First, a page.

EM a hard lesson in 2013 says Wells Fargo AM’s Derrick Irwin
Investors need to think about individual companies and individual markets when investing in emerging markets, rather than following themes, urges Derrick Irwin, portfolio manager at Wells Fargo Asset Management.
Irwin has put forward this and other points in an interview seeking his views on the challenges and opportunities facing emerging market investors.
How have you had to react to changing fortunes for emerging markets (EM) equities through the past year?
The biggest shift in emerging markets equities in 2013 was the change in focus from certain growth sectors, such as consumer and information technology, to differentiation at the country level. In the early part of 2013, investors were assuming a long period of low growth, low interest rates and low inflation. After May, investors began to anticipate a more normalised global liquidity environment. Countries with large current account deficits, which may be challenged to secure funding in such an environment, were largely shunned. Instead, investors focused more on countries with sustainable current account surpluses. Our investment process has long attempted to look past the inevitable adjustment in global liquidity conditions, which means we did not make significant changes to the portfolio.
What new lessons do you feel EM equity investors have learned from events?
Few, if any. Investors seem to focus on one overriding theme at a time instead of looking at individual business models and how good companies manage their unique business environments. We continue to see certain parts of the market become over-valued, whilst strong companies in the wrong sectors or region languish. This eventually creates distortions in valuation that we hope to take advantage of.
How can these lessons be implemented through 2014?
The focus on country fundamentals, mentioned earlier, is somewhat justified and has been part of our analytical framework for some time. However, should investors take this too far and ignore underlying business fundamentals, we would expect valuation opportunities to occur. This is what we will be watching for in 2014.
There is a growing consensus view that 2014 will be a year for picking out single-country EM opportunities: do you agree, and if so, which EM would you pick out?
It seems likely that some countries will be more successful in addressing the key structural headwinds than others. We are encouraged by the progress that India and Mexico have been making, and we’re also hopeful that Turkey will emerge a winner as well. China is a wild card, given the ambitious reform agenda the government has laid out, but we think it is attempting to lay the foundation for long-term sustainable growth. The question is how much turmoil will reforms cause in the meantime, and can the Chinese government tolerate the inevitable instability?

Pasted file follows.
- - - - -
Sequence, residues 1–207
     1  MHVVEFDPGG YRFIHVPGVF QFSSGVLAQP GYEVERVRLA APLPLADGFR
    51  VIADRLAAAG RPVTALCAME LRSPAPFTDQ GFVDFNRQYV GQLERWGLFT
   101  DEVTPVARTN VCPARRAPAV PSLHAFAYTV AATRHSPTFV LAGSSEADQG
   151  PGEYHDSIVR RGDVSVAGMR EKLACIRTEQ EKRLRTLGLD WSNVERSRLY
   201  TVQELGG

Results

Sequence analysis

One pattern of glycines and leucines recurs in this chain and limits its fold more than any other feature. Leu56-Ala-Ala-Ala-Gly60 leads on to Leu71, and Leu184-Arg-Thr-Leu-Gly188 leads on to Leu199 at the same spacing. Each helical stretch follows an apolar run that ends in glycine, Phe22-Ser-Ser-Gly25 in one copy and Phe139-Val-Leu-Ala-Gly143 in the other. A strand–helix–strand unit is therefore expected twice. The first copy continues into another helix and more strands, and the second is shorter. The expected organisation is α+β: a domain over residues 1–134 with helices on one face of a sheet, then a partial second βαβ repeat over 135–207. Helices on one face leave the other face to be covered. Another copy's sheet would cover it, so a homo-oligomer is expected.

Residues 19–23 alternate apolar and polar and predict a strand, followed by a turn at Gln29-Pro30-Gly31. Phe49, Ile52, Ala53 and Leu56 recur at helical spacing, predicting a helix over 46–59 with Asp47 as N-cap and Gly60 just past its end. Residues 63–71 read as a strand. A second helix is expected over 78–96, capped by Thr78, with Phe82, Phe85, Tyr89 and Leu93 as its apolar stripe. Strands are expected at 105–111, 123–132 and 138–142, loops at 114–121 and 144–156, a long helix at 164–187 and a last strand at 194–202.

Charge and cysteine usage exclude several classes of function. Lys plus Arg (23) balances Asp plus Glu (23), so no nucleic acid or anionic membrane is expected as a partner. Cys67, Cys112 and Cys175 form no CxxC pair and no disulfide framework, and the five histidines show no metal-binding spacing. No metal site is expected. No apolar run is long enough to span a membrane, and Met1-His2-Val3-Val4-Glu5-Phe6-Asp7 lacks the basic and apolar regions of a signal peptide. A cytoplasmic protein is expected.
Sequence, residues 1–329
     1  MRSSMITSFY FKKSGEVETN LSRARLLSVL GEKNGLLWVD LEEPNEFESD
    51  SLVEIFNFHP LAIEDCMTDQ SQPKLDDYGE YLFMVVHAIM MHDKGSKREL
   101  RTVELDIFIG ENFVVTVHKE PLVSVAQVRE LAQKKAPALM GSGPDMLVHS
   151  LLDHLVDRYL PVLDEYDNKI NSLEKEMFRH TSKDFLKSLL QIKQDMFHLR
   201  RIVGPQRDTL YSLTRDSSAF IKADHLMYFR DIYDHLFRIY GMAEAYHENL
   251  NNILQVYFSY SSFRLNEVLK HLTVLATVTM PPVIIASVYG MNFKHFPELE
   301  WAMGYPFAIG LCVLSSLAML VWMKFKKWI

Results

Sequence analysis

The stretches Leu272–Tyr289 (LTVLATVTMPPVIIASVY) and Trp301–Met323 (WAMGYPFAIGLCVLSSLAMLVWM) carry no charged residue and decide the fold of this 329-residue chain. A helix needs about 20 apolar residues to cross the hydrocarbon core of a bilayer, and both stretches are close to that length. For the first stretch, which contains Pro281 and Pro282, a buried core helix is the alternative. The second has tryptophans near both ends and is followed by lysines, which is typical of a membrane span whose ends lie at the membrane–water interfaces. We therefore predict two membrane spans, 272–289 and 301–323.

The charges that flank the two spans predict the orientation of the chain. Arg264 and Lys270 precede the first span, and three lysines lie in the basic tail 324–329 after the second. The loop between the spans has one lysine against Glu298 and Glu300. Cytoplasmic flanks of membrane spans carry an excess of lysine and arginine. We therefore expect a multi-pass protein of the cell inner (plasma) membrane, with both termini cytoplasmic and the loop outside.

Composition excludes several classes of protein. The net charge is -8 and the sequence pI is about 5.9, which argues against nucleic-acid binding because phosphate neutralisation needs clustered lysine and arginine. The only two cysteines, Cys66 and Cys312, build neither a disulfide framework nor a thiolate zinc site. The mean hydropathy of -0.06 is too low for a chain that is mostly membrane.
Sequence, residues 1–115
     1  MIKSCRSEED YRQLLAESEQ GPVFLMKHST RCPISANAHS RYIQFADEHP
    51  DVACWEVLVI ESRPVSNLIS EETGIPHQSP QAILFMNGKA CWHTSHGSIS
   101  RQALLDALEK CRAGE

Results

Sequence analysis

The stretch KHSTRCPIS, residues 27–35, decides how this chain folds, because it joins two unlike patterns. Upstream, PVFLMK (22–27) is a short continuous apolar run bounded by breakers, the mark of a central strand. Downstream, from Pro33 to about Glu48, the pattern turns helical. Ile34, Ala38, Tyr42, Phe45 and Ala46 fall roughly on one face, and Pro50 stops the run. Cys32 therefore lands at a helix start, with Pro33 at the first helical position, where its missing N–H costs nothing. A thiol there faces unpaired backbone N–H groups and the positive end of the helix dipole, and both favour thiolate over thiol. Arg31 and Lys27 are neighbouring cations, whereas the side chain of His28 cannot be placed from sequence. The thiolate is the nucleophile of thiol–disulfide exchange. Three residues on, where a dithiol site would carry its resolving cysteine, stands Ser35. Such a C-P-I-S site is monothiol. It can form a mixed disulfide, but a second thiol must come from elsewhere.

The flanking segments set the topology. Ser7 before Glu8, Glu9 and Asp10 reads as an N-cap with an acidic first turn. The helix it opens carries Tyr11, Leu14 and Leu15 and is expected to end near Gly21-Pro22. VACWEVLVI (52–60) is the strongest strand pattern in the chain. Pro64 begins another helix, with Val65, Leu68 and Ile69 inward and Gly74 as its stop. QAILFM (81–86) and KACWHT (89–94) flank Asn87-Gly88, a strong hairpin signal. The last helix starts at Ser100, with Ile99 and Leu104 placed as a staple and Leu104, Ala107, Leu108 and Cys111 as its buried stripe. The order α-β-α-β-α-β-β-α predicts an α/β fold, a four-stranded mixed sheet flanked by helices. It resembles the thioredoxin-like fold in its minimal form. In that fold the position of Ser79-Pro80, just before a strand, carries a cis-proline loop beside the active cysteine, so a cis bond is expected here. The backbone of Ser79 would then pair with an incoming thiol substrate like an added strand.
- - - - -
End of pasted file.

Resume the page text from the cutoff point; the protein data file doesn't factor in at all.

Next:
Do you have a particular view on how US Federal Reserve (Fed) tapering of asset purchases could take place and the effect on EM equities as an asset class?
We don’t allocate capital based on macroeconomic forecasting. Although the Fed has announced plans for quantitative easing tapering, we are looking through the inevitable near-term volatility that such a move will likely create. Ultimately, a more sustainable global liquidity environment, coupled with stronger growth in the US, Europe and Japan, will be positive for emerging markets equities. However, significant distortions in the global economy have built up as a result of high levels of global liquidity, and as these unwind, we expect markets to be volatile.
Have the long-term benefits of investing in EM equities changed or not, and either way, what is your long-term view?
We remain positive on emerging markets equities in the long term. In general, corporate and sovereign balance sheets are in good shape (with notable exceptions, of course), growth remains robust and many countries are now embarking on long-needed reforms that had been ignored over the last several years.
Whilst it is dangerous to view emerging markets as a single entity, as a whole, they are trading at a significant discount to developed markets, whilst earnings trends appear to be improving. Looking forward, it will be important to distinguish between countries, sectors and companies, as returns are likely to be more dispersed. Also, once the volatility surrounding the Fed’s tapering of asset purchases subsides, we believe that investors will focus more on company fundamentals, as opposed to macroeconomic factors that have driven returns in the last several years. High-quality business models should produce strong returns over time.